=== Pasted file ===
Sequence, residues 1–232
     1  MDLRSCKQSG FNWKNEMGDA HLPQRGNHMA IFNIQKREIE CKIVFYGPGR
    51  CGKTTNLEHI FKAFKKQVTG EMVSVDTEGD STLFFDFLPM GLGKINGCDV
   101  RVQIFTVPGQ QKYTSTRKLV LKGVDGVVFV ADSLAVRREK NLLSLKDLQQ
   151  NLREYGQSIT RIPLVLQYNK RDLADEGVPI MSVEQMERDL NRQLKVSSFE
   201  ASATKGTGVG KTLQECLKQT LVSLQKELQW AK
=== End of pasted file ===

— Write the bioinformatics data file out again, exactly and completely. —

Sequence, residues 1–232
     1  MDLRSCKQSG FNWKNEMGDA HLPQRGNHMA IFNIQKREIE CKIVFYGPGR
    51  CGKTTNLEHI FKAFKKQVTG EMVSVDTEGD STLFFDFLPM GLGKINGCDV
   101  RVQIFTVPGQ QKYTSTRKLV LKGVDGVVFV ADSLAVRREK NLLSLKDLQQ
   151  NLREYGQSIT RIPLVLQYNK RDLADEGVPI MSVEQMERDL NRQLKVSSFE
   201  ASATKGTGVG KTLQECLKQT LVSLQKELQW AK